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If you are interested in birds, then Omø is definitely worth a visit. Omø has a rich and varied birdlife, which is linked to them

just as varied biotopes found on Omø.



Omø's own amateur ornithologist and authorized ringer Poul Erik Hansen here identifies some good bird locations:


Omø Lakehas an open body of water all year round with kelp vegetation and meadow areas, which are particularly significant towards the harbor in the north and extend a little along Revvej and in what we call Maden.

The mosslies as a partially flooded salt meadow area facing Omø Lighthouse in the west - an area of almost 75 hectares.

Lillemosen: 100 meters from the northern end of the Mosen in a north-easterly direction is Lillemosen, a small water hole with a relatively deep water depth. The hole is surrounded by willow thickets and got its current appearance by digging up peat back in the 1920s. In addition to Lillemosen, there are 4 other and smaller lakes around Omø, all of which are overgrown with roof pipes and willow thickets.

Along the coastin several places there are important biotopes with thickets of various trees and shrubs, just as the high slopes to the east and south have over time been of great importance to several breeding bird species.

The cultural landscapewith appropriate variation between farmland and urban development. Kirkehavn and Omø City are both excellent habitats for many small bird species, just as the summer house area in the south is a particularly bird-rich area.

The oceanis not the island's biotope as such, but for birdwatchers it is exciting to search the sea for seabirds. No matter where you are on Omø, you can always see the sea. Whether you are interested in birds or not, you quickly sense that the sound, the belt and the waters of Småland are what give Omø its soul.



Some of the birds you can see on Omø are mentioned below, i.a. in Mosen:

During migration, large flocks of ducks and waders stay in the marsh if there is a high water level. The harrier forages throughout the month of July, and later there is ample opportunity to see all the different birds of prey that pass Omø on their way south.

Pipe room

You have to be very lucky to see the reed drum when the tawny bird flies over the reed forest, but if the reed drum is difficult to see, there is ample opportunity to hear the reed drum. In March and April you can hear the voice of the reed drum, which sounds like blowing into an empty bottle. The sound can be heard up to a kilometer away. The pipe room is best heard early in the morning or at dusk, but the voice can also be heard during the day and throughout the night.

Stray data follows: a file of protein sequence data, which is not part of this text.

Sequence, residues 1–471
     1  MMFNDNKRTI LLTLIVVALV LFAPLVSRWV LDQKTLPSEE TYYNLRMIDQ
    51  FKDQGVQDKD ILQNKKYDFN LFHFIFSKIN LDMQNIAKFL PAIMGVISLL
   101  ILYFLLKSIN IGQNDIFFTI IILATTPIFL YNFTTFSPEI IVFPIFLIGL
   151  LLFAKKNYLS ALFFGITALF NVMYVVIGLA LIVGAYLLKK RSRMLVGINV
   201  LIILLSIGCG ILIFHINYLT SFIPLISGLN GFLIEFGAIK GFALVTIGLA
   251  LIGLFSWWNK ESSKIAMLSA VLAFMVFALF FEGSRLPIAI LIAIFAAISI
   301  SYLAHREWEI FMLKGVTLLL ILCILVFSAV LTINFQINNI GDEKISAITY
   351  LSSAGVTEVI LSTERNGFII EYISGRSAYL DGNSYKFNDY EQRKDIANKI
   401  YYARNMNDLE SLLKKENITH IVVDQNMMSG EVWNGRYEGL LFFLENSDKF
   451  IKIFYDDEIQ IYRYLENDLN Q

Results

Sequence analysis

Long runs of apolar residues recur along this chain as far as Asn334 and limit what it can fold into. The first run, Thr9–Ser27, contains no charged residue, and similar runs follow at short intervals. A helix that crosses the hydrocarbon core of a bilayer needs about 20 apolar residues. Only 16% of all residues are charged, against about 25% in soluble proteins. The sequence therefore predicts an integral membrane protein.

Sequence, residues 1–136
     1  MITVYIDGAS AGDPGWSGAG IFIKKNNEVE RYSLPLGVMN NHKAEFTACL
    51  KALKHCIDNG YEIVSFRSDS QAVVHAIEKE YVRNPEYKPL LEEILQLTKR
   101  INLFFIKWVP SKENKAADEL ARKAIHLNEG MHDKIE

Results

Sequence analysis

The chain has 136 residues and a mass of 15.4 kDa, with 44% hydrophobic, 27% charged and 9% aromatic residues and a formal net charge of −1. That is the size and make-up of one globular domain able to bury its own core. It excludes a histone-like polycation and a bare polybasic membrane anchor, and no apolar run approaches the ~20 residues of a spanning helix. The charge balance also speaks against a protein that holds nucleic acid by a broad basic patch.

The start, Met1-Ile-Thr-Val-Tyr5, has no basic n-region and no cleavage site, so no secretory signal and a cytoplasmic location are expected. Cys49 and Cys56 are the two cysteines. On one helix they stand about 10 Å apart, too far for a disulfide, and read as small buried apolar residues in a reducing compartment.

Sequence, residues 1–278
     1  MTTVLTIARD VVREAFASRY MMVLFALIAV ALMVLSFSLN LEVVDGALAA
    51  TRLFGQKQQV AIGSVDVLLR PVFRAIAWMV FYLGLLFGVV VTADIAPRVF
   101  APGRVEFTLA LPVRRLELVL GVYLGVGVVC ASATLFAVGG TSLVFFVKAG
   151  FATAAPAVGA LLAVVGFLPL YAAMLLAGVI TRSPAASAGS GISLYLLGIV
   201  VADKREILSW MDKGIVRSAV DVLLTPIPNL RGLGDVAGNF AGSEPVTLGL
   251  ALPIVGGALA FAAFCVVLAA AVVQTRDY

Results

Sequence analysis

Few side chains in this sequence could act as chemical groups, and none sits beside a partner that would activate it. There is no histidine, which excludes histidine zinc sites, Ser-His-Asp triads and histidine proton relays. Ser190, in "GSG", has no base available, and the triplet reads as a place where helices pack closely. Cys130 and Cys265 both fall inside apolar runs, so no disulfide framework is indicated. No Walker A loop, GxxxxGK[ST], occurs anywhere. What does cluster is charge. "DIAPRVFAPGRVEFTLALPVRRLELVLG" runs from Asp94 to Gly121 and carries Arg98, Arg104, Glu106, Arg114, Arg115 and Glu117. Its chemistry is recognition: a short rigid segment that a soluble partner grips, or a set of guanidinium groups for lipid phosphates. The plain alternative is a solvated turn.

Grey-throated Grebe

The grey-throated loon requires shallow lakes where it feeds on aquatic insects and small fish. Part of the food is collected at sea, so there is an opportunity to see the bird when it flies between the marsh and the sea. In the springtime, the grey-throated loon, which has a beautiful red breast, is easy to see as it swims around the shallow lakes. Its voice is also easy to recognize. Its Latin name means "the one with the pig's squeal", and it is easy to hear throughout the spring season.

the lapwing

The vulture breeds quite numerously in the bog, and you can enjoy seeing the vultures tumbling around in the air above the bog in springtime, and in the autumn large flocks of vultures often stay in the marsh, which is an important foraging site for waders and ducks.


The redshank breeds almost as numerously as the viper in the Omø marsh, but its grey-brown color makes it less conspicuous. But its care for the young makes it warn already from a long distance, so that the young can hide in the grass. Often you see the robin standing on a fence post, where you can see its red legs.

The gray goose

The greylag goose is the bog's largest breeding bird. The greylag goose immigrated to the bog as a breeding bird in the 1970s, and now there is a good population of greylag geese. In the past, the gray geese migrated to Spain in the winter, but now many gray geese winter in Denmark. In addition to the marsh's breeding birds, flocks of non-breeding greylag geese can be seen in the marsh or in the nearby fields. At the end of summer you can see flocks of greylag geese numbering several hundred.

The duck

The mallard is a numerous breeding bird in Omø bog. In the spring, the males are seen flying around in small flocks and hunting the females. With the brightly colored costume and the large spoon-shaped bill, the skunk is easy to recognize from the other ducks.


The mallard is a newly immigrated breeding bird that is easily overlooked because it looks a lot like the mallard, but the mallard can be recognized by its white wing mirror. April is the month when the mallard and the other ducks are easiest to spot. At that time the vegetation is not so high and the mallards fly around a lot in their search to find a female.

In September, when the raptor migration starts, comebuzzard,sparkles,sparrow hawk,wasp wakerandOspreysin droves, just as in 2012 we had a visit from the famous bald eagleTonne, and in April fliesthe cranesover Omø on the way to Sweden. Occasionally a sea eagle or two also pass over Omø, but here you have to be quick, because it only takes a sea eagle 4 seconds to pass by Omø. 

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